“There are truths which one can only say after having won the right to say them.”
Jean Cocteau (1889–1963), French author, filmmaker.
Profound experiences are commonplace in hospice work. But profound experiences are often obscured by a curious phenomenon; i.e. at first they may not even seem particularly noteworthy, much less profound.
Most everyone has heard veterans say that during the heat of battle they feel very little, they just concentrate on doing their job. The impact does not hit until later when upon reflection they break down. Similarly, hospice nurses have experiences that don’t sink in right away… one simply reacts and focuses on the job at hand. But later, upon reflection, the full impact of the experience sinks in… and may be overwhelming in intensity.
Unfortunately, what often passes for intimacy is boundary-less-ness... and what often passes for depth is busy-ness.
- Dec 28, '06 by EmptytheBoatthanks for sharing your story earle58;and it
brings this thread full circle; re: managing symptoms
for a "good death". you managed the patient's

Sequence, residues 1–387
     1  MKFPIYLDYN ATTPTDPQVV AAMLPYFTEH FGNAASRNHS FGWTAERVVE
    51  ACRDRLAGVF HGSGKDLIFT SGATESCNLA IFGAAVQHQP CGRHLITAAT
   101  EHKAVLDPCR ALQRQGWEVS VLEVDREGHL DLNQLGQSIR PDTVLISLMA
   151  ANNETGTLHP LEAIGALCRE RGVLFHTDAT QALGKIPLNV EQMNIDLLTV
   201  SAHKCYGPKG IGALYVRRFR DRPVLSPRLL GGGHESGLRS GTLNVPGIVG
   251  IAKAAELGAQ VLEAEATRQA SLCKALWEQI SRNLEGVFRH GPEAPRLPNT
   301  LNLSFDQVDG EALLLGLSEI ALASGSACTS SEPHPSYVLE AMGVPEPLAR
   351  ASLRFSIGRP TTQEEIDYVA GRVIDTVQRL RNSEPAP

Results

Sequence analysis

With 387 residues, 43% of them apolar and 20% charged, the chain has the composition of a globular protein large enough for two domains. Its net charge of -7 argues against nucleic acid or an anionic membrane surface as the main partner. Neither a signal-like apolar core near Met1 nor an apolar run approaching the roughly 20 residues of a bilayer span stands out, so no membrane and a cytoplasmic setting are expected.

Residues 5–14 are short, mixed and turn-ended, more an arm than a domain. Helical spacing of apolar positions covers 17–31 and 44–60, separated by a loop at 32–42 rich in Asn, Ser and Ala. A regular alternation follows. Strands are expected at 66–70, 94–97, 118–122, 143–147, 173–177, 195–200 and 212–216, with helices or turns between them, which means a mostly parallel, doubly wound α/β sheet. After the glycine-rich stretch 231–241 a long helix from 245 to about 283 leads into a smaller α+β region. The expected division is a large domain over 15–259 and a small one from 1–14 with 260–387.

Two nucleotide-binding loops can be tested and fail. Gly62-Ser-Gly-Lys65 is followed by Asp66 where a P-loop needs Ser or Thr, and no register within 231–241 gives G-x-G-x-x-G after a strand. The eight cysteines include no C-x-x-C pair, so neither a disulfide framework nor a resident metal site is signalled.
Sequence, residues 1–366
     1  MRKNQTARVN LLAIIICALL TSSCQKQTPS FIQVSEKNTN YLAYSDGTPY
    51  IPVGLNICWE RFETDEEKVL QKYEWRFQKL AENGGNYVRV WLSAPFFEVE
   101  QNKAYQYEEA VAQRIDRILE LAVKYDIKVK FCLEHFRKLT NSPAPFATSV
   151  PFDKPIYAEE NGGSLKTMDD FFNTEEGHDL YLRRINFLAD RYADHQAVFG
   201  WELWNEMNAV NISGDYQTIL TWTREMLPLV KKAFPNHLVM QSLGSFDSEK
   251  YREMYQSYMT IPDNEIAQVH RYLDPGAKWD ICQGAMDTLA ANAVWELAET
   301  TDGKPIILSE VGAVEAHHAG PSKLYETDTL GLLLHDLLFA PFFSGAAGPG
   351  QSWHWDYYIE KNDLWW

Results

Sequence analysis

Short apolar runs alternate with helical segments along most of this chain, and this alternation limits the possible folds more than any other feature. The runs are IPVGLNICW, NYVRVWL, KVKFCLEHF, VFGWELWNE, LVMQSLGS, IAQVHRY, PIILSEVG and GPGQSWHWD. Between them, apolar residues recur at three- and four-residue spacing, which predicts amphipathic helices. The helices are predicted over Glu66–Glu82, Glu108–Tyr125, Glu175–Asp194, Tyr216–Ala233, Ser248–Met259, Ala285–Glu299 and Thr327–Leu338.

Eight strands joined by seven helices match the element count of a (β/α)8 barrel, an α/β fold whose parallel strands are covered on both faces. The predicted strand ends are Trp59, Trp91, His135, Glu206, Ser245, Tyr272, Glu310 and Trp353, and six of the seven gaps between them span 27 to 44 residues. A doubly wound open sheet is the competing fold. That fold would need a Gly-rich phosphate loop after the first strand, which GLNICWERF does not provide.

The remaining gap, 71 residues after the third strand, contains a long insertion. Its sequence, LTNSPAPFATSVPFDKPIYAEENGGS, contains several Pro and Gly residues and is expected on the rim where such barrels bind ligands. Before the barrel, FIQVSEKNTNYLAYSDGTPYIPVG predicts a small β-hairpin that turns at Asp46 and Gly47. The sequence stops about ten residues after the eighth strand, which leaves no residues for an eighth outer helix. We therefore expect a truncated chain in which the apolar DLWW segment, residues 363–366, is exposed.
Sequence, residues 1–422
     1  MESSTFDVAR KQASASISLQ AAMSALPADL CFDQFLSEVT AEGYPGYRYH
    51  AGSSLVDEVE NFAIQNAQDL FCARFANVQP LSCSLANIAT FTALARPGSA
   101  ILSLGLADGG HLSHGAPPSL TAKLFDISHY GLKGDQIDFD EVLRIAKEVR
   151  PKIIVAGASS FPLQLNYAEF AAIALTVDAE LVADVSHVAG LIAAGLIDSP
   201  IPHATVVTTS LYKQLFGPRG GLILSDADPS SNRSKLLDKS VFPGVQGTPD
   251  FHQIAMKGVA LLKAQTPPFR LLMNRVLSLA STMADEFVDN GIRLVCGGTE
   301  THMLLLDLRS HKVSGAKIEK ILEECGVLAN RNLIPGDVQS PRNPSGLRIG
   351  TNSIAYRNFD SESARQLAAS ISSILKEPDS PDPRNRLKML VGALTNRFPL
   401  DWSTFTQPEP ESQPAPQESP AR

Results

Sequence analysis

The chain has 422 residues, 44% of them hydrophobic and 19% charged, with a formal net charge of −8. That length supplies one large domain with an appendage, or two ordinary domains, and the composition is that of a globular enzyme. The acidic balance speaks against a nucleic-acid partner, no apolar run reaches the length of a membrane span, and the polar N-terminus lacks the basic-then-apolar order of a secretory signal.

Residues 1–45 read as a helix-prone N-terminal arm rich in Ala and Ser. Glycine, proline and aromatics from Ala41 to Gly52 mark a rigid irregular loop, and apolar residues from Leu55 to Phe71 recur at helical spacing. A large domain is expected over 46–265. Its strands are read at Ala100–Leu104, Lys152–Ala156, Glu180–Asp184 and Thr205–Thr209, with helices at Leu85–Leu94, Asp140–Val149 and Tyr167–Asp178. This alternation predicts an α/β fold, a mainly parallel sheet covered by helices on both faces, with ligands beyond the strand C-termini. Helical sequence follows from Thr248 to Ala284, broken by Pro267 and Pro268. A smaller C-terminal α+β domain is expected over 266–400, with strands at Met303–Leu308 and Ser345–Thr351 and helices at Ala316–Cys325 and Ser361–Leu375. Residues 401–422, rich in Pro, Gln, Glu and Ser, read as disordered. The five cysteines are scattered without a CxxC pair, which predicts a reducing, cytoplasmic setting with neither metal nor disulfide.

symptoms (with medication) and allowed him to cross-over under
his own accord, this is what hospice is all about.
- Dec 29, '06 by req_readEmptytheBoat…
It is axiomatic that the more one learns the more one realizes there is to learn. Another way of expressing the same concept would be to say that the more one learns the more open one becomes to new and unfamiliar ideas.
The same idea can also be expressed in reverse; i.e. the less one knows the more one is inclined to think s/he knows it all… or is closed-minded.
Interestingly, this concept assays out during dying process; i.e. those who tend to die most gracefully are those who are most open-minded… while those who struggle tend to be the more closed-minded.
When we die we are heading into the unknown, therefore the more open-minded we can be, the better we will do.